John 20 – An Empty Tomb and A Risen Jesus
A. Discovery of the empty tomb
1. (1-2) Mary Magdalene comes upon Jesus’ tomb, finds it empty and tells the disciples about it.
Now on the first day of the week Mary Magdalene went to the tomb early, while it was still dark, and saw that the stone had been taken away from the tomb. Then she ran and came to Simon Peter, and to the other disciple, whom Jesus loved, and said to them, “They have taken away the Lord out of the tomb, and we do not know where they have laid Him.”
a. Now on the first day of the week Mary Magdalene went to the tomb early: Jesus was crucified on Friday (or on Thursday by some accounts). After His entombment, the tomb was sealed and guarded by Roman soldiers (Matthew 27:62-66). The tomb stayed sealed and guarded until discovered on the first day of the week… early, while it was still dark.
b. Mary Magdalene… she ran and came to Simon Peter: Other gospels explain she was not the only woman to come to the tomb that morning (at least three other women accompanied her). Mary was the one who ran back and told the disciples about the empty tomb, so John mentions her.
i. Jesus had cast seven demons out of this Mary (Luke 8:2, Mark 16:9). Her troubled past didn’t disqualify her from being the first witness of the resurrected Jesus and His first commissioned messenger of His resurrection.
ii. The women came to complete the work begun by Joseph and Nicodemus. “Probably, in view of the lateness of the hour and the nearness of the sabbath, Nicodemus was not able to use all the spices he had brought in the way intended.” (Morris)
c. They have taken away the Lord out of the tomb: When she saw the empty tomb, Mary’s first reaction was to think the body of Jesus was stolen. She wasn’t wishing for or anticipating the resurrection of Jesus, and she certainly did not imagine it out of hope.
i. We do not know where: “The plural may naturally be accepted as confirming Mark’s account that she was not alone.” (Dods)
2. (3-4) Peter and John run to the tomb.
Peter therefore went out, and the other disciple, and were going to the tomb. So they both ran together, and the other disciple outran Peter and came to the tomb first.
a. Peter therefore went out, and the other disciple: Peter and John heard the news from Mary and immediately started for the tomb. In keeping with the author’s humility, John did not refer to himself directly, but only as the other disciple.
b. They both ran together, and the other disciple outran Peter and came to the tomb first: John was humble enough to avoid the mention of his own name, but competitive enough to tell us that he outran Peter to the tomb.
i. By tradition, Peter was older than John. We might picture a man in his late forties or early fifties like Peter running to the tomb with great labor, and a man and his mid-twenties easily outrunning him.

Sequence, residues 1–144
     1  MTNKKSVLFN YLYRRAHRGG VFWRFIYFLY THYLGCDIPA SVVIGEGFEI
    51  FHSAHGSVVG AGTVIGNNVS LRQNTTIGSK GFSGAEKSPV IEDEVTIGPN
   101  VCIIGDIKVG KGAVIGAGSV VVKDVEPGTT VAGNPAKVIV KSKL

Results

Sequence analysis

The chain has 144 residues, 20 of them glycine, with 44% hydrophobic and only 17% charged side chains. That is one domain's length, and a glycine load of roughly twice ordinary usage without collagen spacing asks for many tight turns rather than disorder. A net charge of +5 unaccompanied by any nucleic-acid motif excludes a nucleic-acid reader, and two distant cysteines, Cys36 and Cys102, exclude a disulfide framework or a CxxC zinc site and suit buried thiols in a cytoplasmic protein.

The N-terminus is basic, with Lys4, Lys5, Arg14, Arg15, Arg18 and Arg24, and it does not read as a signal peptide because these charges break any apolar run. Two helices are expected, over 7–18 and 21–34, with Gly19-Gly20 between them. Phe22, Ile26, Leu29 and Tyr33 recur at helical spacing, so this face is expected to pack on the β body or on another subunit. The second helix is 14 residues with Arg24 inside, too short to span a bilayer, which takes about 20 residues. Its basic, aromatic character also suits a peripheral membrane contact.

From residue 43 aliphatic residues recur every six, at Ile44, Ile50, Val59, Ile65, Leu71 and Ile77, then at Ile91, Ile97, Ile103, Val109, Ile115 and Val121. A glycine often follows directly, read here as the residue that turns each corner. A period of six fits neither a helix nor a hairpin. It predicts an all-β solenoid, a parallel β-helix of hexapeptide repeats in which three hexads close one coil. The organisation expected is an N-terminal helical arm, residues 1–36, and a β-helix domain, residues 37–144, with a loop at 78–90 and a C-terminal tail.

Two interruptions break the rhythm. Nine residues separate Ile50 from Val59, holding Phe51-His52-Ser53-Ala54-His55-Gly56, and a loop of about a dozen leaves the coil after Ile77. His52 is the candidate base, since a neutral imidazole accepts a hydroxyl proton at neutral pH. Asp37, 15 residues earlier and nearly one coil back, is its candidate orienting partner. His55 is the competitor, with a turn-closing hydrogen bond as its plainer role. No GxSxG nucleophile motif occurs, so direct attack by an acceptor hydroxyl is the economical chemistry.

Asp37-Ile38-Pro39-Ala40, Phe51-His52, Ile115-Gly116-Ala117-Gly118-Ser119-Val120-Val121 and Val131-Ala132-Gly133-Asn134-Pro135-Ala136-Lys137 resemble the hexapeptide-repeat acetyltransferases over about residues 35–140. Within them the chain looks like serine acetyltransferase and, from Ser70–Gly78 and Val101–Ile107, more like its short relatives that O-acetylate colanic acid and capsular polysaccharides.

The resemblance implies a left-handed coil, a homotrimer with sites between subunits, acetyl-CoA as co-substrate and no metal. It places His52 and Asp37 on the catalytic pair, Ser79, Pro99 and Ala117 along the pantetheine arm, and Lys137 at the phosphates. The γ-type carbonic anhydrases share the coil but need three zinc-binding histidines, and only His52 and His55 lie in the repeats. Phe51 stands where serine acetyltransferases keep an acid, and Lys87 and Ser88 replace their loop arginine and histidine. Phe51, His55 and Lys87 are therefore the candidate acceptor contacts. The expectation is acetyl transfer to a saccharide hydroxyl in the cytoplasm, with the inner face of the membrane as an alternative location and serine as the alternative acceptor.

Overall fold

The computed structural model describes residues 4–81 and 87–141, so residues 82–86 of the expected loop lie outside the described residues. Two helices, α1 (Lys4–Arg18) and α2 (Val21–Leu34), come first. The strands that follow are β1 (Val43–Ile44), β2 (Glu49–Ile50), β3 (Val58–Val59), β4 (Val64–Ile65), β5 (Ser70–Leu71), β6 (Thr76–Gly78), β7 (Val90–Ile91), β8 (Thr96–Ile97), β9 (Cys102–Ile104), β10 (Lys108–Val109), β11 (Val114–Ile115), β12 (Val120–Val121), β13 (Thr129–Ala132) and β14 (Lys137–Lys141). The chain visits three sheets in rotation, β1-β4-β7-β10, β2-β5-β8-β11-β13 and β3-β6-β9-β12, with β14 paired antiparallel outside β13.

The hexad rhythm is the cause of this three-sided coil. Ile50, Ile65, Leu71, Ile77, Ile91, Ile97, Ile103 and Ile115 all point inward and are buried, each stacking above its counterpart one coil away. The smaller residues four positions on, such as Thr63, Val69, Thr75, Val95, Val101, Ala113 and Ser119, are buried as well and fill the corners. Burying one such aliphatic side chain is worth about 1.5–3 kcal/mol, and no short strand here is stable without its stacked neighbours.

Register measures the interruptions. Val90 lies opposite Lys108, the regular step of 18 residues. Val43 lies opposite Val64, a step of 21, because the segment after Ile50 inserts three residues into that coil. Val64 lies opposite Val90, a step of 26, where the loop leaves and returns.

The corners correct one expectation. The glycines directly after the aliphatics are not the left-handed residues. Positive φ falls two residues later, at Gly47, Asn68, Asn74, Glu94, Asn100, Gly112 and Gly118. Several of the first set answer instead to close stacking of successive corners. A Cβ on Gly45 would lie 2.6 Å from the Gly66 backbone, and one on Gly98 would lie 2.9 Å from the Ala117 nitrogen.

ii. This shows that they both ran hard. Peter and John had just heard life-changing news: that the tomb was empty. They couldn’t be indifferent or detached to this news; they had to see for themselves.
3. (5-10) Peter and John examine the empty tomb.
And he, stooping down and looking in, saw the linen cloths lying there; yet he did not go in. Then Simon Peter came, following him, and went into the tomb; and he saw the linen cloths lying there, and the handkerchief that had been around His head, not lying with the linen cloths, but folded together in a place by itself. Then the other disciple, who came to the tomb first, went in also; and he saw and believed. For as yet they did not know the Scripture, that He must rise again from the dead. Then the disciples went away again to their own homes.
a. Stooping down and looking in: Arriving first at the tomb, John was looking in (the ancient Greek word blepei meaning “to clearly see a material object”), and he saw the grave wrappings of Jesus still in the tomb (saw the linen cloths lying there). John clearly saw this, and there was no mistake about what he saw.
i. Yet he did not go in: Something kept John from actually going into the tomb. “Having seen that the graveclothes were still within, the other disciple probably concluded that the body was also there and so refrained from entering. Either he felt that he should not enter the tomb out of respect for the dead, or else he feared the ceremonial defilement of touching a corpse.” (Tenney)
ii. A typical rich man’s tomb of that time would be large enough to walk into, with a place to lay out the body on one side and a bench for mourners on the other side. The entrance might be an opening only 3 feet (1 meter) high and 2.5 feet (.75 meters) wide. It was large enough to get into, yet there was a bit of bowing and turning necessary. There was some commitment needed to go inside the tomb, and for some reason John did not go in.
b. Then Simon Peter came, following him, and went into the tomb: Whatever ever kept John from going in didn’t stop Peter. When he finally arrived he immediately went into the tomb. This action-oriented impulsiveness was characteristic of Peter. John wanted to stop and think about it but Peter went right in.
c. He saw the linen cloths lying there: Going in, Peter then saw (the ancient Greek word theorei meaning “to contemplate, observe, scrutinize”) that the cloths were still orderly and neat. It looked as if the body evaporated out of the burial wrappings without disturbing their place.
i. The phrasing of linen cloths lying there and folded together in a place by itself indicates the orderly arrangement of the burial wrappings. Prepared for burial, those strips of linen cloths were smeared with ointments and aloes and spices, and the linen cloths were applied in several layers. The burial of Jesus on the day of His death was hurried, and the women came early Sunday morning to apply more layers.